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Model-view-controller (MVC) is a software architecture that separates an application s data model, user interface, and control logic into three distinct components so that modifications to one component can be made with minimal impact to the others.
MVC is often thought of as a software design pattern. However, MVC encompasses more of the architecture of an application than is typical for a design pattern. Hence the term architectural pattern may be useful (Buschmann, et al 1996), or perhaps an aggregate design pattern.
In broad terms, constructing an application using an MVC architecture involves defining three classes of modules.
Model: The domain-specific representation of the information on which the application operates. The model is another name for the domain layer. Domain logic adds meaning to raw data (e.g. calculating if today is the user s birthday, or the totals, taxes and shipping charges for shopping cart items).
View: Renders the model into a form suitable for interaction, typically a user interface element. MVC is often seen in web applications, where the view is the HTML page and the code which gathers dynamic data for the page.
Controller: Responds to events, typically user actions, and invokes changes on the model and perhaps the view.
Many applications use a persistent storage mechanism (such as a database) to store data. MVC does not specifically mention this data access layer, because it is understood to be underneath or encapsulated by the Model.
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Model View Controller
Controller.rtf (Size: 460.55 KB / Downloads: 26)
Model - View - Controller (MVC) is an architectural pattern used in software engineering.
The MVC pattern is most commonly used to create interfaces for software applications, and, as the name implies, consists of three elements:
• Model: contains the application data and logic to manage the state of the application.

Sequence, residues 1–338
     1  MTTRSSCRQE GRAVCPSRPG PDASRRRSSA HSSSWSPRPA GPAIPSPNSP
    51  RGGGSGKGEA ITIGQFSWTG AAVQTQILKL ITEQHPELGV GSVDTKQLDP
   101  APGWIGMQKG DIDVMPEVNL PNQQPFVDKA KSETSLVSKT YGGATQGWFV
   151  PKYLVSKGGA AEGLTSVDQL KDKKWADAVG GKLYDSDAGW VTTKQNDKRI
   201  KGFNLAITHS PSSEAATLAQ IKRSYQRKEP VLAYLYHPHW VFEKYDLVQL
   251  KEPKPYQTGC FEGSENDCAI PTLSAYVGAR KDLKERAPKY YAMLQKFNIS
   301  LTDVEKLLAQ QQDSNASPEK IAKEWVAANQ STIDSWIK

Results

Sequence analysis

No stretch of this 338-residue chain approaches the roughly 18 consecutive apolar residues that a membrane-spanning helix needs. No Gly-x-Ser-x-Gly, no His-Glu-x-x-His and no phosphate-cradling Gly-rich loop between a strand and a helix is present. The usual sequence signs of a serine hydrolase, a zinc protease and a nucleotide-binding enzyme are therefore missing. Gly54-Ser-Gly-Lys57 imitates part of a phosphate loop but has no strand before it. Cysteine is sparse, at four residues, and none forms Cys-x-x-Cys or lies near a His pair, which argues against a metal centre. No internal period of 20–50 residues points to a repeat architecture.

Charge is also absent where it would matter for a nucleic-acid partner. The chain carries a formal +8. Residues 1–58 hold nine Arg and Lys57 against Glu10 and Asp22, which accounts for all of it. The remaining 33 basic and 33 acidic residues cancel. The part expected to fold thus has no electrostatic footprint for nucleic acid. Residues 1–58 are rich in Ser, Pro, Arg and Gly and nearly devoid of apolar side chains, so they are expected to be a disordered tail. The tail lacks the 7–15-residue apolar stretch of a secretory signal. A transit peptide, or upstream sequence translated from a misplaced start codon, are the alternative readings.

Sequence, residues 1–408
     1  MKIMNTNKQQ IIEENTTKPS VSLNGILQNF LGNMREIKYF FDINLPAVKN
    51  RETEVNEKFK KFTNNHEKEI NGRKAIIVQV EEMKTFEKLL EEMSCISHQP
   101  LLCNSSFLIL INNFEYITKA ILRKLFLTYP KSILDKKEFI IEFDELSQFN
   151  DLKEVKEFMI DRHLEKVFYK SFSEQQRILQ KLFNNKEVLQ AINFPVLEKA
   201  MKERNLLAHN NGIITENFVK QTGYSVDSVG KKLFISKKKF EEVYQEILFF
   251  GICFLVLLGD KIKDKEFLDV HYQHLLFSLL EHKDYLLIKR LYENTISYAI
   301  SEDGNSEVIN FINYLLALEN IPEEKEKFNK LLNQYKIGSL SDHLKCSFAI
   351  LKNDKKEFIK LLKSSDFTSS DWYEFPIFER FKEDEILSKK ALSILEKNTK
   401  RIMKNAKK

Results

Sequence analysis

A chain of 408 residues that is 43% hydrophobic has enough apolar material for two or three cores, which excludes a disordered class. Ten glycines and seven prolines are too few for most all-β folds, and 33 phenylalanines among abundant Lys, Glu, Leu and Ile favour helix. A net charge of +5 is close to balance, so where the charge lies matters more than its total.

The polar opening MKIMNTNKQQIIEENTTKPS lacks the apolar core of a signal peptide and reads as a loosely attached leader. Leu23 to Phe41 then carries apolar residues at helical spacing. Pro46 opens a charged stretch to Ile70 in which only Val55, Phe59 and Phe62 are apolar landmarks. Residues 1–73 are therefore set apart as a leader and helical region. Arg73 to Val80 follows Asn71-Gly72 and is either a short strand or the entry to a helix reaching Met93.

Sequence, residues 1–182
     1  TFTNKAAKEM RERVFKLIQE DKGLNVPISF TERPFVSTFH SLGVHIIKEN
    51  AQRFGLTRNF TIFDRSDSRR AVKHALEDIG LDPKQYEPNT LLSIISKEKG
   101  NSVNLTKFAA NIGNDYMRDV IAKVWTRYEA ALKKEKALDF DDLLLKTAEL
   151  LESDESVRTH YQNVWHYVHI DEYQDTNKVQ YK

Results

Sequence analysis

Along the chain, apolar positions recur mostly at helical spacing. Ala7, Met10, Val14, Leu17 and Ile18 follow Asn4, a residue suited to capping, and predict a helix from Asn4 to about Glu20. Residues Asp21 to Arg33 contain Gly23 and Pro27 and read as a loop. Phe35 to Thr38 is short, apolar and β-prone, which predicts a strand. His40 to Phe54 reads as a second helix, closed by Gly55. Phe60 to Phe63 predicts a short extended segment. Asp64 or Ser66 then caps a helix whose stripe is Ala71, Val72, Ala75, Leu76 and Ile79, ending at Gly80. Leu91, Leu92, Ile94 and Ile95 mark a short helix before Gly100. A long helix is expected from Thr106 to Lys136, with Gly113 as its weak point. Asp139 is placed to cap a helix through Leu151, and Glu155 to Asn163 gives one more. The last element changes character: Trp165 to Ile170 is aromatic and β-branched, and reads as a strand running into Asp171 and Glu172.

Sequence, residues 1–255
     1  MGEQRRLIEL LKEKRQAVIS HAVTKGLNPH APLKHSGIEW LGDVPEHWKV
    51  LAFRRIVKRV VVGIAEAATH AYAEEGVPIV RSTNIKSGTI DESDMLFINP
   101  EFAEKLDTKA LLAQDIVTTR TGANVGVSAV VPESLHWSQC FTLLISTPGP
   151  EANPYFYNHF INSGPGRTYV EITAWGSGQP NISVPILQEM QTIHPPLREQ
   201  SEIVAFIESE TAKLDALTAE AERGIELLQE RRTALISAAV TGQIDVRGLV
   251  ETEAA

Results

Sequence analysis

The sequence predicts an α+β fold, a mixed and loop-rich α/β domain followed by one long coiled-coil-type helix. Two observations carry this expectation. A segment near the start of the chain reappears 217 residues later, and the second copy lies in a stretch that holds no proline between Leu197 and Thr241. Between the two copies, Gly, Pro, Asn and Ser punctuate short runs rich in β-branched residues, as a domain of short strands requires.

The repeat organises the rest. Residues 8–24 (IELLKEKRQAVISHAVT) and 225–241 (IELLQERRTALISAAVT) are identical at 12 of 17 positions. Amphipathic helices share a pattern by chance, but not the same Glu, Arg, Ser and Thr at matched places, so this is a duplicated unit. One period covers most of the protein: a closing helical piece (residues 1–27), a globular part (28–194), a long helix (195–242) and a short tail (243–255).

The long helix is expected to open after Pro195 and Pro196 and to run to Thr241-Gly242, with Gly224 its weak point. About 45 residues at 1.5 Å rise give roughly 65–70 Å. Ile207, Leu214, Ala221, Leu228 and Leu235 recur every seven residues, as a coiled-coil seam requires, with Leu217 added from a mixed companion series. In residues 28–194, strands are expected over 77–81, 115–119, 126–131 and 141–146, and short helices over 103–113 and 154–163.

• View: present the user interface.
• Controller: Handles user inputs to change the state on the application
• View tells to controller handle user inputs
• Controller changes the model state
• Model tells view to update itself
• View reads state information from model and updates itself.
Though MVC comes in different flavors, control flow is generally as follows:
The user interacts with the user interface in some way (for example, by pressing a mouse button).
The controller handles the input event from the user interface, often via a registered handler or callback, and converts the event into an appropriate user action, understandable for the model.
The controller notifies the model of the user action, possibly resulting in a change in the model's state. (For example, the controller updates the user's shopping cart).
A view queries the model in order to generate an appropriate user interface (for example the view lists the shopping cart's contents). The view gets its own data from the model. In some implementations, the controller may issue a general instruction to the view to render itself. In others, the view is automatically notified by the model of changes in state (Observer) that require a screen update.
The user interface waits for further user interactions, which restarts the control flow cycle.
• The separation of responsibilities among the model, view and controller elements allows easy substitution of elements without disruptions to the overall application.
• This lets us easily expand applications based on the MVC pattern to meet changing requirements.
Business applications consist of user interface (UI), business logic, and data models.
When UI, business logic and data are collapsed into one object in rich users interface, it can lead to some of the following problems:
• Difficult to use the data outside that object
• Hard to change the UI, when UI and data are locked in the same object.
• Hard to use multiple views of the same data.
• Difficult to synchronize multiple view of the same data.
Swing is the primary Java GUI widget toolkit. It is part of Oracle's Java Foundation Classes (JFC) — an API for providing a graphical user interface (GUI) for Java programs.
Swing is a platform-independent, Model-View-Controller GUI framework for Java. It follows a single-threaded programming model.
Swing is a Graphical User Interface (GUI) API, offering a set of components that can be used to build rich desktop interfaces. This includes basic elements such as windows, buttons, scrollbars, etc., as well as more complex compound objects such as file choosers, color choosers and combo boxes.
Swing components are Java Beans, and are built around the Model-View-Controller (MVC) programming paradigm. This paradigm separates an application's business logic from its user interface so that they can be evolved independently.
JComponent is the core Controller class which coordinates Models and Views to display a final user component. All Swing components are inherited from JComponent. Note that components can have different views represented by different UIs.
The javax.swing.plaf package contains ComponentUI, which is the core class for the View and is a template for other components that inherit from it. ComponentUI is responsible for the ultimate painting of pixels on the screen.
A Model controls the data in components, from simple things such as the state of a check box, to the more complex rows and columns data structures used for a table. ComboBoxModel and TableModel are example model classes.